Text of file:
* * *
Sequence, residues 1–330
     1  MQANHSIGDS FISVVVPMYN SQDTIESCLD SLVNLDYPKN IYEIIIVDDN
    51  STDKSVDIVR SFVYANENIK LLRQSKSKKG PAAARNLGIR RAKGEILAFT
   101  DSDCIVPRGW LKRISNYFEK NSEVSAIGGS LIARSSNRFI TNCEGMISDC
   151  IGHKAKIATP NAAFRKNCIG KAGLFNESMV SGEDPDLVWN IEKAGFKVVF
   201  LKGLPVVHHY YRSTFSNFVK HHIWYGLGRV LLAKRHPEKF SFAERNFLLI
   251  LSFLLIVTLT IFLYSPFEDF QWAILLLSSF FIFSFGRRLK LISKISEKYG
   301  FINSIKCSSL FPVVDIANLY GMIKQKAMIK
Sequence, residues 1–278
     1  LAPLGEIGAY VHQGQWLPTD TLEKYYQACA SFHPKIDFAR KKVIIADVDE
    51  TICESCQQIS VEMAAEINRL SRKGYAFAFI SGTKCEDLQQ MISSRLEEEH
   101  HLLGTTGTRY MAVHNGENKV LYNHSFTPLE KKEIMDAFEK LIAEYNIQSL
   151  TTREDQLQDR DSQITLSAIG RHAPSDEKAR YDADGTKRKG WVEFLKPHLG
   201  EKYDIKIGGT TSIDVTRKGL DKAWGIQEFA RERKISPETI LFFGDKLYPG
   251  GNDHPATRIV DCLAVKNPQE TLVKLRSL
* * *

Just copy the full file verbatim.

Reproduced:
Sequence, residues 1–330
     1  MQANHSIGDS FISVVVPMYN SQDTIESCLD SLVNLDYPKN IYEIIIVDDN
    51  STDKSVDIVR SFVYANENIK LLRQSKSKKG PAAARNLGIR RAKGEILAFT
   101  DSDCIVPRGW LKRISNYFEK NSEVSAIGGS LIARSSNRFI TNCEGMISDC
   151  IGHKAKIATP NAAFRKNCIG KAGLFNESMV SGEDPDLVWN IEKAGFKVVF
   201  LKGLPVVHHY YRSTFSNFVK HHIWYGLGRV LLAKRHPEKF SFAERNFLLI
   251  LSFLLIVTLT IFLYSPFEDF QWAILLLSSF FIFSFGRRLK LISKISEKYG
   301  FINSIKCSSL FPVVDIANLY GMIKQKAMIK
Sequence, residues 1–278
     1  LAPLGEIGAY VHQGQWLPTD TLEKYYQACA SFHPKIDFAR KKVIIADVDE
    51  TICESCQQIS VEMAAEINRL SRKGYAFAFI SGTKCEDLQQ MISSRLEEEH
   101  HLLGTTGTRY MAVHNGENKV LYNHSFTPLE KKEIMDAFEK LIAEYNIQSL
   151  TTREDQLQDR DSQITLSAIG RHAPSDEKAR YDADGTKRKG WVEFLKPHLG
   201  EKYDIKIGGT TSIDVTRKGL DKAWGIQEFA RERKISPETI LFFGDKLYPG
   251  GNDHPATRIV DCLAVKNPQE TLVKLRSL